Parents loathe Caillou, and I’m no different.
Everything about that show makes my skin crawl. The characters consistently pronounce his name two different ways (Is it Ky-YOO or KY-yoo?). His whiny voice adds unnecessary noise to an already buzzing house, and the primary colored backgrounds make me feel nauseous.
Even my computer doesn’t want to talk about Caillou. It keeps correcting his name to “Callow,” confirming my hunch that no one likes him, except my daughter and every other kid under five years old.
Actually, she doesn’t just like him, she needs him, and so I reluctantly press play on the DVR when my daughter asks for him. I know a few parents who have banned the show like contraband, and I get that, but hear me out because your kid might need Caillou, too.
Screen time is alive and well in my house, so I’m well versed in most mainstream children’s programming. I can say confidently that Caillou fills a niche few other shows do. Caillou’s world is realistic and relatable for kids, despite his hairlessness and his parents’ never ending patience for his whining.
His storylines are grounded in a world absent fantastical details, and that’s surprisingly unique. His world doesn’t have speaking animals and objects, aliens or magic. He simply goes to preschool, plays and fights with his little sister, visits his grandparents and navigates friendships. Children get to watch him experience the emotional roller coaster that it is to be a little kid. While there’s certainly a place for more imaginative shows, Caillou’s recognizable world doesn’t distract kids from its main purpose, helping them process their confusing emotions. He’s a safe place. He just gets them.
His importance in my daughter’s life really came to light when I tried to watch Disney’s Snow White and the Seven Dwarfs with her. Since she’s obsessed with the Disney princesses, and the Snow White storybook is a regular in the rotation, watching the movie was the next logical step.
It turns out that the Evil Queen and Huntsman are terrifying to an almost three year old. Looking back, this seems obvious, but it had been a while since I’d seen the movie, too, and I forgot just how creepy it can be to see that kind of evil brought to animated life. As soon as the queen hatched her plan for cold blooded murder, my daughter started screaming, “I want to watch Caillou! I want to watch Caillou!” That’s when I realized just how comforting he is to her.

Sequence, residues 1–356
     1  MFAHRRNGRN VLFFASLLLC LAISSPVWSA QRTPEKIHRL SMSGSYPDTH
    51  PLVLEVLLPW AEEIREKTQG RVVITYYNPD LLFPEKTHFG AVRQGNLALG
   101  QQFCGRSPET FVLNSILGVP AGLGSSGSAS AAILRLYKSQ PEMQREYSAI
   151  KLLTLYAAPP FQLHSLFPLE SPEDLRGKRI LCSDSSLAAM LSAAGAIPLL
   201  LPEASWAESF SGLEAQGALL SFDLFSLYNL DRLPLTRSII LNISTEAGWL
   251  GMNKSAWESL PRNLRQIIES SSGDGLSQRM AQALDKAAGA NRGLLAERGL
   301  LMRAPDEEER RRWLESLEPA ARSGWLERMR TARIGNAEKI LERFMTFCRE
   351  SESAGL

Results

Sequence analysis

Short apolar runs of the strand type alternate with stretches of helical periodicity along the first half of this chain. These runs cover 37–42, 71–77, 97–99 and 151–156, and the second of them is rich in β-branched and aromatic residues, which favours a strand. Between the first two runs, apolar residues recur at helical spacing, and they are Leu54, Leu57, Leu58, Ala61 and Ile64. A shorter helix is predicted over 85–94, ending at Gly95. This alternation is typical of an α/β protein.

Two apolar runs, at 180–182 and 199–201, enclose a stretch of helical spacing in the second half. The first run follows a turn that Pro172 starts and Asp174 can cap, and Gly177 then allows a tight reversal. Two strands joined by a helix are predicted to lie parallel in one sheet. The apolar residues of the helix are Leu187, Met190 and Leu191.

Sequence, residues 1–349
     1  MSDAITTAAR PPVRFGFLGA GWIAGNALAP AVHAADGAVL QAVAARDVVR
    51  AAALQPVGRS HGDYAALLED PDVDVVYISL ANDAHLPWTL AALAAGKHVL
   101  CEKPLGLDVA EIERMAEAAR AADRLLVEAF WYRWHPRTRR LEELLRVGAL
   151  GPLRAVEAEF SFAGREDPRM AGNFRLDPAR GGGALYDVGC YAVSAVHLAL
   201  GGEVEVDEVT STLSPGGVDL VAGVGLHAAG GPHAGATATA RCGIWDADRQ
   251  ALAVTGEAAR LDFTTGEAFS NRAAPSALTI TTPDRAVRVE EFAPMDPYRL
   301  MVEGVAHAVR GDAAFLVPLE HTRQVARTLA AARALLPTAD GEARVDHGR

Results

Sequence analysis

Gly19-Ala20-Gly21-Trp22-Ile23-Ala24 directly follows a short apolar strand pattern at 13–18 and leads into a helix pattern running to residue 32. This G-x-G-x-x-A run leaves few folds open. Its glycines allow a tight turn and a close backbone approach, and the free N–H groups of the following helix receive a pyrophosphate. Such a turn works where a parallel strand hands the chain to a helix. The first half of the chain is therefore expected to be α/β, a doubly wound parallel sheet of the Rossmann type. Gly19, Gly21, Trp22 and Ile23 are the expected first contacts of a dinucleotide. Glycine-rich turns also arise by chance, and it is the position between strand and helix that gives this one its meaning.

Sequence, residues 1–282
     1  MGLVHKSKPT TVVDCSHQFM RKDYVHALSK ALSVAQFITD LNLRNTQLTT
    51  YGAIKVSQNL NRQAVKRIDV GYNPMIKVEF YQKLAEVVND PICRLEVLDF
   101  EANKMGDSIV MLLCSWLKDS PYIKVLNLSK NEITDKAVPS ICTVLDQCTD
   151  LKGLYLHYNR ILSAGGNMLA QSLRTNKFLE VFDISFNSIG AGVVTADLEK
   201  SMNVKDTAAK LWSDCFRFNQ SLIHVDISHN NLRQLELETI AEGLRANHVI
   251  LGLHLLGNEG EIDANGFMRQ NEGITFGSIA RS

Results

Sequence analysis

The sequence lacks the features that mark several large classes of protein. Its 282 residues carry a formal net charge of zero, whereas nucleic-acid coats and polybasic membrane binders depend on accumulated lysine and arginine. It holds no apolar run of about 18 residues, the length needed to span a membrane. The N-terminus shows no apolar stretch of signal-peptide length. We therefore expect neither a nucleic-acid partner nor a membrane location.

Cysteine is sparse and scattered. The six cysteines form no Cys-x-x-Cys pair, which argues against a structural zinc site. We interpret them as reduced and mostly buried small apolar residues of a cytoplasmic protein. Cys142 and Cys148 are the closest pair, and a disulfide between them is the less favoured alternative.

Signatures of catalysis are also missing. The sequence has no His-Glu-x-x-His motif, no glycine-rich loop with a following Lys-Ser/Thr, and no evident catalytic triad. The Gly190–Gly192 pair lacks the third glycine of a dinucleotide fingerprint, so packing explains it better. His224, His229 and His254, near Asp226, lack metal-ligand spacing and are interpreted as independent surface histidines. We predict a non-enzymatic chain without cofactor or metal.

Caillou’s issues are banal to adults; his whining is maddening, but to toddlers, he’s a retreat. My daughter’s daily routine is punctuated with new and scary things that I take for granted as a grown up, and she relies on Caillou to say, “It’s not just you. I feel the same way.”
He’s her buddy. He’s her security blanket. He’s like comfort food that hits the right spot. He’s a warm hug that calms her down and lets her relax, even if he gets on my last nerve. Sometimes she’ll go a whole week without requesting him, and I don’t take this respite for granted. Not only because it means I don’t have to listen to the quivering voice of the show’s narrator, but because it signals that my daughter is having a really great week, and, for whatever reason, she’s feeling confident navigating her world.
While I’ll always encourage her to watch Sofia the First or Doc McStuffins or really any other show besides Caillou for my own sanity, when she needs him, he’s invited to keep her company.
I may shudder every time I hear the catchy but irritating theme song, but I understand how he helps her, so I’ll respect her choice.
I won’t disparage him to her, and I’ll consider this practice for the first time she brings home a boyfriend that I don’t like.